North Africa. Zeugitania, Carthage, but from a Sicilian mint.
Dekadrachm or 5 Shekels, c. 260 BC. (Silver, 37.88g., 39mm). Head of Tanit to left, wearing wreath of grain ears and pendant earring / B’RṢT Pegasos springing to right. Basel 567 (this coin). Jenkins, Punic Sicily, IV, 434 (O1’/R4).
While ostensibly very similar in style to the gold and electrum staters struck in Carthage, as well as to the silver shekel, the way the flan was made (flattened down from a cast ‘bullet’-shape; note the two lugs at the edge) and the fact that the die axis is irregular, makes it likely that this coin was minted in Sicily. This would have been done to help pay Carthage’s army and navy, heavily based in Sicily, during the First Punic War (264-241). In addition, there is no evidence that any of these impressive pieces has ever been found anywhere but on Sicily (the 1958 Palermo Hoard, IGCH 2208, contained 50-80 of them). This is one of the finest known examples.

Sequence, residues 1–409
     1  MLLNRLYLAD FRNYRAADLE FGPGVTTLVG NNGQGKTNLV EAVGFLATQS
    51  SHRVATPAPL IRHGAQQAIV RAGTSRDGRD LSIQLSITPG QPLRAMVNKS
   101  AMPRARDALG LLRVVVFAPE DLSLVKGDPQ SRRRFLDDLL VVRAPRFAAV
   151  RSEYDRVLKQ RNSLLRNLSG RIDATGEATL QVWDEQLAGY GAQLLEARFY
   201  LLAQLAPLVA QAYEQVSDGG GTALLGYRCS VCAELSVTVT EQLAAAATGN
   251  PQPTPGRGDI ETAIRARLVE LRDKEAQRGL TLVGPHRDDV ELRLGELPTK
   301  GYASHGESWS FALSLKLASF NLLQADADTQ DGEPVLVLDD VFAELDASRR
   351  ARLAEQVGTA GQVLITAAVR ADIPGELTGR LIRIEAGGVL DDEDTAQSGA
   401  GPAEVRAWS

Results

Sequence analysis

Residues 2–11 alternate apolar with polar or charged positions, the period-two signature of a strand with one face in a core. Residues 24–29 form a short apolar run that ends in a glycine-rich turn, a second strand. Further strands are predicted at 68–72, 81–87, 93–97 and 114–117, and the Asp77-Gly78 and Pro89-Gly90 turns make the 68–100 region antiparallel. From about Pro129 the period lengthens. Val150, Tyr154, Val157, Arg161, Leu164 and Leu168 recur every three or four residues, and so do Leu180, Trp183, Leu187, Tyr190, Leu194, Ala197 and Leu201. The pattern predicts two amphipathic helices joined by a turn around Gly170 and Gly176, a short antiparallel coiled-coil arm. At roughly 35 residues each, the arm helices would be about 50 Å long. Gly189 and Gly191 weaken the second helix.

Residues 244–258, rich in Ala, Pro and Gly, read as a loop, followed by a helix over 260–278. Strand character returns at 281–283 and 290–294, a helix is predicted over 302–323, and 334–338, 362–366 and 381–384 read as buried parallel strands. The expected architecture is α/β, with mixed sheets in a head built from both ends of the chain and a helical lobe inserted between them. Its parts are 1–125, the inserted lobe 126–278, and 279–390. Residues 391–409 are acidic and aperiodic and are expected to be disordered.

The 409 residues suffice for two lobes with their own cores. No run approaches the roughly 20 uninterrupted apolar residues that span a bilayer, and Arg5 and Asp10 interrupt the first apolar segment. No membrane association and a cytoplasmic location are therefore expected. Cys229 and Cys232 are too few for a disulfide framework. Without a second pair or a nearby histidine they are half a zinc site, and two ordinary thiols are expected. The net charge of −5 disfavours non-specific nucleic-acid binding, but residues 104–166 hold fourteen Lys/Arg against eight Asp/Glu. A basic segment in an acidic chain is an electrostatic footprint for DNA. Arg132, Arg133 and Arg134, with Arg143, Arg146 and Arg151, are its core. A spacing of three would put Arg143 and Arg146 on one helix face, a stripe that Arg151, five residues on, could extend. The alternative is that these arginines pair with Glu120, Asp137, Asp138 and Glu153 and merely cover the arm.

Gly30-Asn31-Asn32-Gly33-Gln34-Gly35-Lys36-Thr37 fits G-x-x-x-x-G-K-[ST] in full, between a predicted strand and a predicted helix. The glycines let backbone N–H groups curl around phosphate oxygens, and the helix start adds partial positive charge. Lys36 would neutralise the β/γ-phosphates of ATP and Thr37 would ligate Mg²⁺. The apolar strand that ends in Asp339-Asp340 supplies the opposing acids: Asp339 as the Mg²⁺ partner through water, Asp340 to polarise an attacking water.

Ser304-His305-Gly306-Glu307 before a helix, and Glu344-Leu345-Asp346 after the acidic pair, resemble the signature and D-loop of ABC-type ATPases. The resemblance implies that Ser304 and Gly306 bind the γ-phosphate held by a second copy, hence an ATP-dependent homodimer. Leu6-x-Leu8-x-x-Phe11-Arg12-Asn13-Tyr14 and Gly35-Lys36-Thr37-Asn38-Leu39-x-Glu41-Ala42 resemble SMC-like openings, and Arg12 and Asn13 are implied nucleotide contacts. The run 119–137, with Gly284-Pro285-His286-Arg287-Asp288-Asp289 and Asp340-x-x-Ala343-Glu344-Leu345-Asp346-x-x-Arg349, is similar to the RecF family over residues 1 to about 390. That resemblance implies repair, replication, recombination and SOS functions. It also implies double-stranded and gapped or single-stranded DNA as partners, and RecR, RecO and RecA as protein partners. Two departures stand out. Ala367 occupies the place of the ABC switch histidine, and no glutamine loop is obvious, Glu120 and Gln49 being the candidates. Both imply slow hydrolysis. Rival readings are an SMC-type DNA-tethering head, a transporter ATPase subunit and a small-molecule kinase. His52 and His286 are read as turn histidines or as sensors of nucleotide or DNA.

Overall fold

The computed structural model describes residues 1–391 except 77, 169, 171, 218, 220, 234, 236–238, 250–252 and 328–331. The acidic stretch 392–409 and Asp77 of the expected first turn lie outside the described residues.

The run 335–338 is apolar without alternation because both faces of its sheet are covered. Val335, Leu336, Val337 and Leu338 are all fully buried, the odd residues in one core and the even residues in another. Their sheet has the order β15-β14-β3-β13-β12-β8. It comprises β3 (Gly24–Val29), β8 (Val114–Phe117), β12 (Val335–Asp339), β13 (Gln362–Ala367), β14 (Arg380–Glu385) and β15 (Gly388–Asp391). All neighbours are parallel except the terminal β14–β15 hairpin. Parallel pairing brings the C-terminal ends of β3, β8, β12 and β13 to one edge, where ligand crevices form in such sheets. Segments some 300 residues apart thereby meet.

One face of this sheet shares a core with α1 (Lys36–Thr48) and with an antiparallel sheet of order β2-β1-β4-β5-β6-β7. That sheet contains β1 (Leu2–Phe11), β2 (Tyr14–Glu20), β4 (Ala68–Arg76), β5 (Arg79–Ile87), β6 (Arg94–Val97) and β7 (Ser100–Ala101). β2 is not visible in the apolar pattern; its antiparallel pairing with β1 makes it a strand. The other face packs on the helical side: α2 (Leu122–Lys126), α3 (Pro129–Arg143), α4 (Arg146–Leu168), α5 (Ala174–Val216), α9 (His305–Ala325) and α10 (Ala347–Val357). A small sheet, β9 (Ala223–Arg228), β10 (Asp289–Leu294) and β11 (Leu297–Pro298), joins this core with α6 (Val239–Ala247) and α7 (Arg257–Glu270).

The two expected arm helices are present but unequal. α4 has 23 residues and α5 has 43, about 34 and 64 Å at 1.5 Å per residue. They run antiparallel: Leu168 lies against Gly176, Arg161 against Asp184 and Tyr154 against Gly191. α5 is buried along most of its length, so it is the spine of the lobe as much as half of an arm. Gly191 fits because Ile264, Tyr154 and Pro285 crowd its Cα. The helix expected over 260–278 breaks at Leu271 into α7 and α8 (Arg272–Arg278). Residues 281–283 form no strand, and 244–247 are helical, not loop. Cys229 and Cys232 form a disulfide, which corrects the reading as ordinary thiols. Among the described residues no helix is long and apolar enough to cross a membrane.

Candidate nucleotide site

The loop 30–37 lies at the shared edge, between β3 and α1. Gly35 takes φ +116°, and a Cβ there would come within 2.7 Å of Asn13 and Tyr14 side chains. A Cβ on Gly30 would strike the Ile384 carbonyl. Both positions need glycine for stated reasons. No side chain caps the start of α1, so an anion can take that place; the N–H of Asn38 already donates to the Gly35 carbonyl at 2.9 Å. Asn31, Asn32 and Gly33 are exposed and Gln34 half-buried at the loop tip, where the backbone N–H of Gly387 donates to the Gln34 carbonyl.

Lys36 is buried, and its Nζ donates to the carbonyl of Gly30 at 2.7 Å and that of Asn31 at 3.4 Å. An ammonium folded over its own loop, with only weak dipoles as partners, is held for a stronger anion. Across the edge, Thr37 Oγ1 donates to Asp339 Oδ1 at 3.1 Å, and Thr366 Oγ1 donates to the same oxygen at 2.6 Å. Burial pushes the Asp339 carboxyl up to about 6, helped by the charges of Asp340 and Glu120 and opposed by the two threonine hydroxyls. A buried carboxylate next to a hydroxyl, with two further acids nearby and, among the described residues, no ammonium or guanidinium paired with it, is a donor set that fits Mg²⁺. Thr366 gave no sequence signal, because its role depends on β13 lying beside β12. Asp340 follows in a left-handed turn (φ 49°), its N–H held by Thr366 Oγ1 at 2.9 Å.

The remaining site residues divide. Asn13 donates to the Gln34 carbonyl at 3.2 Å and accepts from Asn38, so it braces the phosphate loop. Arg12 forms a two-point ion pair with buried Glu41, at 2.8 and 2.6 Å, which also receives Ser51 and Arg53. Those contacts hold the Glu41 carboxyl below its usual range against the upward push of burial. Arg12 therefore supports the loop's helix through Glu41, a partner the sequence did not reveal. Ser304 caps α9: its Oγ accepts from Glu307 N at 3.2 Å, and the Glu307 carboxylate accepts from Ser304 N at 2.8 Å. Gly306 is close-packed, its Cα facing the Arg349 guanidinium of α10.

Grading/Status: An impressive and very rare coin of outstanding quality, toned and very well struck. Good extremely fine.
Numismatica Genevensis SA V, 2 December 2008, 156.
Collection of A. Moretti, Numismatica Ars Classica 13, 8 October 1998, 567.